A little bit about me:

I recently was honored by the president of the American Health Council as the "Best in Patient Care" in the United States for 2018.

I am a life long resident of Hamilton Township, New Jersey.

I earned a degree in Occupational Therapy from Thomas Jefferson University in Philadelphia

I am licensed, and insured in the state of New Jersey.

I am married with two children

Donna says............

"I started this private practice to provide a dedicated, focused, and more personal  therapy for children".

" I want to hear from you!   Please call me.  If I don't answer, just leave a short message with your name and number, and I will contact you as soon as possible ".

"I'm sorry, I do not answer my phone while I'm with a client. I insist the time spent with your child, or any other child, should not be interrupted.......

Private occupational therapy is usually reimbursable, but based on therapeutic need. I will provide a billing statement with appropriate codes. The parent is responsible for all contacts with the insurance company to determine eligibility and reimbursement for services.  "This allows me to provide therapy rates significantly lower than standard rates and allows more children access to therapy ". 

Upon initial evaluation, we can schedule weekly, or bi-weekly appointments. The appointments typically last 1 hour with your child, in your home.

Everyone Loves OT

I have a vast amount of experience working with children.  In addition to my Private practice, I am presently the Occupational Therapy Department Supervisor with Children's Specialized Hospital in Hamilton, NJ.  I've gained valuable experience working with all my special children while at the Joseph Cappello School, Mercer County Special Services, Princeton Educational Resources, and the Burlington Township School District.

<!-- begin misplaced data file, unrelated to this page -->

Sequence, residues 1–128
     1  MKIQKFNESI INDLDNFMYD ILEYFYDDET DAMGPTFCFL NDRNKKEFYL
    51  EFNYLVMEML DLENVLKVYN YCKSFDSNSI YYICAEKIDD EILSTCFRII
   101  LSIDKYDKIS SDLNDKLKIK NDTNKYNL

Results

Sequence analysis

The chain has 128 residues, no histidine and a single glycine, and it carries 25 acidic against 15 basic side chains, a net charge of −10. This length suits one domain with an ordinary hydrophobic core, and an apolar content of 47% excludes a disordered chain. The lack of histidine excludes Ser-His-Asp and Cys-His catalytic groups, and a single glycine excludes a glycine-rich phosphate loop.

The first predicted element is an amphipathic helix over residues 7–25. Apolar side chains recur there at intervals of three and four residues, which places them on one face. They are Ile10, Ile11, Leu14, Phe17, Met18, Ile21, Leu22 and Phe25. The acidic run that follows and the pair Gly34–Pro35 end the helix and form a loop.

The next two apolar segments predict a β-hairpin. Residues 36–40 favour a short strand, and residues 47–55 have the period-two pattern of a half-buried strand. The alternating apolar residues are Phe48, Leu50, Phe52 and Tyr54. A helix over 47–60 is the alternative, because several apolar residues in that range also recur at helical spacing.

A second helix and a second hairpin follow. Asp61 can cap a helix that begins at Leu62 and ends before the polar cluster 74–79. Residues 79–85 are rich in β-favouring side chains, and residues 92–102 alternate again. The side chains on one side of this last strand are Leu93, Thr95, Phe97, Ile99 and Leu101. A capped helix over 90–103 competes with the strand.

Helpful Links

15 Behavior Strategies for Children on the Autism Spectrum

How to Create a Backyard Sanctuary for Kids with Disabilities

For Educators: Strategies for Working With Children With Autism Spectrum Disorder

Helping Asperger's Teens To Survive and Thrive: 15 Key Steps

Creating a Home Atmosphere of Solitude to Help Cope with Adult Autism

Go to the LINKS page and click on Toy Story, an interesting article on therapy toys written by Jessica LaGrossa from ADVANCE


 FAQs-- Frequently Asked Questions

What is Occupational Therapy?   Any activity either mental or physical, medically prescribed and professionally guided to aid a patient in recovery from disease or injury. The therapeutic use of self care, work and play activities to increase independent function and enhanced development. The educational background of Occupational Therapist includes extensive course work in anatomy, neurology and psychology. Their education also includes course work in activity analysis.  This enables the therapist to analyze the components of play and work activities, choosing tasks that will improve the child's basic skills.

What can I do as a concerned parent?     Contact your primary care physician and discuss Occupational Therapy (OT) services for your child.

How much would Occupational Therapy Cost?      I charge $150.00 per hour with diagnosis and prescription. This cost may also be offset with insurance. Parents are responsible for payment as services are rendered. Please contact me to discuss, special considerations can be made for unique circumstances.

How much would the Handwriting Sessions cost?     I charge $70.00 for a half hour, and I charge $120.00 for the entire hour.  This cost may also be offset with insurance. Parents are responsible for payment as services are rendered.

How can I contact Donna's Occupational Therapy?         Easy, just call 1-609-929-5576

Is there an address where I can write?                                 E-mail me